The nature, utility, and further features of this invention will be more clearly apparent from the following detailed description with respect to the preferred embodiment of this invention when read in conjunction with the accompanying drawings, briefly described below.
In the accompanying drawings:
FIG. 1 is a brief illustration of lighting equipment for medical use of a prior art type;
FIG. 2A is also an illustration of a shadowless lighting equipment for medical use according to this invention;
FIG. 2B is a plan view of a lighting device of the lighting equipment shown in FIG. 2A as viewed from the lower side thereof;
FIGS. 3A and 3B are simplified partial longitudinal sectional views of a light receiving sensor to be used for the lighting equipment shown in FIG. 2A;
FIG. 4A shows a perspective view of a light receiving sensor of the light receiving device shown in FIGS. 3A and 3B;
FIG. 4B shows a development of the light receiving sensor shown in FIG. 4A;
FIG. 5 shows a block diagram of the shadowless type lighting equipment according to this invention, and;
FIGS. 6, 6a and 6b are a flowchart describing the operation of the CPU 7 shown in FIG. 5.
Referring to FIG. 2A which briefly illustrates one preferred embodiment of the lighting equipment according to this invention, in which a lighting device 1 contains a plurality of lighting lamps 6 and a light receiving unit 4 of the type similar to those of the prior art. An illuminating device 3, such as a wave beam generator, located between the lighting device 1 and a patient 2 on an operation table emits an infrared ray beam subjected to a predetermined frequency modulation. Assuming that the portion 5 of the patient 2 to be operated on is designated as the portion on which the light should be concentrated, an irradiation area is formed on the portion 5 of the patient 2 by emitting the infrared ray beam towards the portion 5 from the illuminating device 3 located at any optional position, and in this irradiation operation, there is no fear of causing a secondary infection because the use of infrared rays obviates the need for actual physical contact with the patient 2.
The light receiving unit 4, as described in detail hereinafter, receives the infrared rays reflected from the irradiated area and detects the positional difference between the irradiation area and the light concentrated position. The detected positional difference is fed to a central processing unit (CPU) 7 as a detection signal. The CPU 7 then transmits control signals in response to the detected signal so as to thereby operate electric motors M1, M2, and M3, and clutch means D1 and D2 which move the lighting device 1 until the irradiated area and the light concentration position coincide.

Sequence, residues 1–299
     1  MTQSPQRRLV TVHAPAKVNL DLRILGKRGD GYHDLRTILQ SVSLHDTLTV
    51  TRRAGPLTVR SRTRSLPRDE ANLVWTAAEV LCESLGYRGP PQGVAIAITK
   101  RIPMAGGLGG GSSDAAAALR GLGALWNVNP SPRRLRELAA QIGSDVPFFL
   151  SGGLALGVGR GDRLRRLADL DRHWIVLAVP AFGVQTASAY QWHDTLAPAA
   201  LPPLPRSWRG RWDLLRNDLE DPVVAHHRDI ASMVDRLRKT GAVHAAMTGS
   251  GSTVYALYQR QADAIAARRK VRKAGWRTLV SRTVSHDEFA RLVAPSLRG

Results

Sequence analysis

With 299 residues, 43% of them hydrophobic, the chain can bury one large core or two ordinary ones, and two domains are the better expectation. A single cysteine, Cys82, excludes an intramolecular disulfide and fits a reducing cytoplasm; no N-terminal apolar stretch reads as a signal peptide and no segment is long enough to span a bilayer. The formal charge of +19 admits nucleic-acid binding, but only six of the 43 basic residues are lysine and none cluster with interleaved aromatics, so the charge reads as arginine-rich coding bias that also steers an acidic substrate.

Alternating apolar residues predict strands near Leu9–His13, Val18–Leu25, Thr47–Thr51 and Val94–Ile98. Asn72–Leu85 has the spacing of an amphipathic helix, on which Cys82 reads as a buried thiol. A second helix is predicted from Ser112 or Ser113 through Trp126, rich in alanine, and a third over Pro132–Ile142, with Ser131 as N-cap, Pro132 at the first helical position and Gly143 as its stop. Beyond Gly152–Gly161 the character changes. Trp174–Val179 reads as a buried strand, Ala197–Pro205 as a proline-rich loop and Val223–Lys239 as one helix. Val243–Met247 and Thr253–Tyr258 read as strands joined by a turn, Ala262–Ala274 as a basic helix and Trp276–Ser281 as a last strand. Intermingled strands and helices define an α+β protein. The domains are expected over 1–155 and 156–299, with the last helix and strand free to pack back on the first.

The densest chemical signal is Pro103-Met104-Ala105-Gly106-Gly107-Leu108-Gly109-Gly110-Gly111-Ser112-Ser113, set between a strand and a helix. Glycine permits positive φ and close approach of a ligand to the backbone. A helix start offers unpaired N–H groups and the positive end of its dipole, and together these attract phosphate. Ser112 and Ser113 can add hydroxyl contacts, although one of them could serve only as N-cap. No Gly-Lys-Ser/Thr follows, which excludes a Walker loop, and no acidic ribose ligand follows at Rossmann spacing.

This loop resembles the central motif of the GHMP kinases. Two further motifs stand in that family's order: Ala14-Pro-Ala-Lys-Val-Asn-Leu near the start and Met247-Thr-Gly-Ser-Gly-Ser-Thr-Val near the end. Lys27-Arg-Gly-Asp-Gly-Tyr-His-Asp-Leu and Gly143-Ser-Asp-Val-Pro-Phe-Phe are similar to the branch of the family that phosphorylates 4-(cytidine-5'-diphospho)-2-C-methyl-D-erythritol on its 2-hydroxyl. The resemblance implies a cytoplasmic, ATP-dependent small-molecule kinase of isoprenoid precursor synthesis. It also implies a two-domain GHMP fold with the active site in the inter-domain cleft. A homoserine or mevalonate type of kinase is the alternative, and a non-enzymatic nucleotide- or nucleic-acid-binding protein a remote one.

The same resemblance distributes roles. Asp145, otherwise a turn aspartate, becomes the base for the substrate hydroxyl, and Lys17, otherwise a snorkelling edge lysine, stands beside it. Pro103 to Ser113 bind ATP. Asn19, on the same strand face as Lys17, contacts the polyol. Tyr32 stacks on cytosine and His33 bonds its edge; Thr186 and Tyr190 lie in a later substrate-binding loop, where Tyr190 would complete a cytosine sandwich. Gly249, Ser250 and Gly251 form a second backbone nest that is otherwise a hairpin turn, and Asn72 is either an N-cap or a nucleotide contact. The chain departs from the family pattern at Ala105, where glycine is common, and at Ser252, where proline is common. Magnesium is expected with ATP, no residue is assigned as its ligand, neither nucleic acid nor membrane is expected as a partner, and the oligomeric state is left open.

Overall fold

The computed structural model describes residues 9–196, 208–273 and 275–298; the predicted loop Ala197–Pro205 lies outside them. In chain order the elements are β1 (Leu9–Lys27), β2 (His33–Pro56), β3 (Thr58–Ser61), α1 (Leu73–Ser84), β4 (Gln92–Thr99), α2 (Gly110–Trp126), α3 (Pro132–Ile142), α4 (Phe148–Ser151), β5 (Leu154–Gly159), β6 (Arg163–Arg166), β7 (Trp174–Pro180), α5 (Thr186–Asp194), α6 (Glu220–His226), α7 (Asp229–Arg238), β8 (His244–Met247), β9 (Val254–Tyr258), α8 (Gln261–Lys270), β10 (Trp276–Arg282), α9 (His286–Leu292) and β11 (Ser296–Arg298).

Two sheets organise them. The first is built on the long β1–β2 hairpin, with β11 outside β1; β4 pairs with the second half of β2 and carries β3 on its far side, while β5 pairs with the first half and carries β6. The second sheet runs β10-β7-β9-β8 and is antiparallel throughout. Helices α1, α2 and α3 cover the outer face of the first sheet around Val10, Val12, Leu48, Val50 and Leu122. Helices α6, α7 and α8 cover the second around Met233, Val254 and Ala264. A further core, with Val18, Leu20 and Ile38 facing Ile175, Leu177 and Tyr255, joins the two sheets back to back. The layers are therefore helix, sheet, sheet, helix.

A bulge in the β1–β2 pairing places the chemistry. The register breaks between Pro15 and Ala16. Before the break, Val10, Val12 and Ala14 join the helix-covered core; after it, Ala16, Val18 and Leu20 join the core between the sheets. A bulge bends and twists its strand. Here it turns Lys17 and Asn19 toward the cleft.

FIG. 2B shows a plan view of the lighting device 1 according to this invention as viewed from the lower side thereof in FIG. 2A. Referring to FIG. 2B, the electric motors M1, M2, and M3, which are operatively connected to the CPU 7, respectively drive the lighting device 1 in an X-direction, a Y-direction and a Z-direction (perpendicular direction with respect to the surface of the drawing), and the clutch means D1 and D2 are used for the drive shaft couplings of the motors M1 and M2, respectively. The motor M3 for driving the lighting device 1 in the Z-direction is used for adjusting the focus of the lighting device 1. By this associated operation of these motors and the clutch means, the lighting device 1 is moved in a desired direction so as to thereby concentrate the light on a predeterined portion, and the light receiving unit 4 is also operated or moved together with the lighting device 1.
The infrared ray beam emitted from the illuminating device 3 advances along the path shown by dot and dashed lines in FIG. 2A because the infrared rays are subjected to frequency modulation so as to thereby provide positional information to the CPU 7, as well as information regarding the focus, the illumination intensity, the operation mode, and the like.
Although in the preferred embodiment described herein, an infrared ray beam is utilized, it will easily be understood that a light wave with a different frequency, an electromagnet wave, an acoustic wave, or other wave beams which do not adversely affect the patient, may be utilized for the purpose of performing the operation according to this invention.
The light receiving device 4 generally comprises an image forming means 4a and a light receiving sensor 4b, and a lens system is preferably used in the subject embodiment, but any other means such as pin hole means which forms an image on the light receiving sensor 4b may also be used. When the acoustic wave is utilized as a wave beam, the use of an image forming means suitable for the acoustic wave and an acoustic wave sensor will be naturally understood. A wave beam projected so as to be parallel to the optical axis of the image forming means 4a is formed as an image on the central point 0 of the light receiving sensor 4b.